I’m a non-confrontational kind of gal. I live in a perpetual “no boat rocking” zone. Nowadays with so much dissention and dissagreement in the world, it’s hard to find a place as a little ball of social anxiety and timidity. So with my apprehensive countenance and a world full of sadness, it’s no suprise that I keep finding myself being drawn to movies that give me a clear cut, reliable romance. I have been burned too many times in my short life. I have put my whole trust in a Barbra Streisand/Robert Redford type relationship only to be emotionally crushed in the end (See ya Katie? See ya?! What the hell is this? Where’s my happy ending?!). Sometimes you just want a story that will satisfy you through and through. A movie where you can bolt yourself onto the love bicycle like the third wheel you are (not the best metaphor, I’m aware). A film where the conflict is not focused around the main romantic relationship. I love movies where the couple lives in this insular room of tenderness and care, while outer forces try to tear them apart. Movies that give me untainted happiness for the majority of my movie watching experience are a cooling balm to my burnt and bruised heart.
One of my favorite examples of this is My Big Fat Greek Wedding. Once the romance is established in the first act, we are assured of the love of this couple. The conflict lies rather with the families, and how big of a role they are to play in Nia and John’s relationship. This allows me to watch the adorable proposal scene and feel happy knowing a breakup isn’t just around the corner. On the other end of spectrum are movies where the conflict is inherent in the relationship; movies like Jane Eyre, where Rochester’s hidden marriage (150 year spoiler alert!) is a concurrent burden on the romance. We are given a few adorable scenes, though when watched again they are somewhat tainted by the reveal of the psychotic wife. It’s hard for me to look back on Rochester’s proposal to Jane, in which he denies having a wife, and say “Oh this seems totally adorable and honest and sincere”. I’m just waiting for the other shoe to drop and crush all of Jane’s dreams of love and happiness. Now this is not to say that I don’t like stories with that type of conflict. Most of my favorite romances don’t present a safe love story immediately, and the entirety of the movie rests on the question of “Will they get together/stay together?” (Some favorites include You’ve Got Mail, Pride and Prejudice, Bright Star, An Affair to Remember, Far from the Madding Crowd). I think that uncertainty puts the audience in a unique emotional spot.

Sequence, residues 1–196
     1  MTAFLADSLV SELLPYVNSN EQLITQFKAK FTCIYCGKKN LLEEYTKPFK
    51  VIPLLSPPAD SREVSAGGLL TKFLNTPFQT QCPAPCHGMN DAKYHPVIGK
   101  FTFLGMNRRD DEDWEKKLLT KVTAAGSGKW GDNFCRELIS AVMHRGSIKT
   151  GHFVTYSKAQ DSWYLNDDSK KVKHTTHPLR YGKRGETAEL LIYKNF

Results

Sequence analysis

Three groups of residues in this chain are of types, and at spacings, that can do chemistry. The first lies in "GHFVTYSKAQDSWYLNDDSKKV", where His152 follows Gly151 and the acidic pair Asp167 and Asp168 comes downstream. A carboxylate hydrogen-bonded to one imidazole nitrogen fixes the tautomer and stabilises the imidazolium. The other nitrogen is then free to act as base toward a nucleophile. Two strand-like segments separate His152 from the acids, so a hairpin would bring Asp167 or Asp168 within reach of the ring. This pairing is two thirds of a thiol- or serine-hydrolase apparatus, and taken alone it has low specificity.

Of course, there deserves to be a home for stories with all kinds of conflict, but somedays I just want to watch something that gives me both romance and security. To know for certain that the world may wage war against a couple, but they are faithful throughout the entire movie, dammit. They are a bulwark standing firm in the rough winds of humanity! Sometimes it’s just nice to curl up with a movie and know all the shoes that could drop have dropped, and you just can go on and enjoy the story of a Greek woman eating her twin in utero.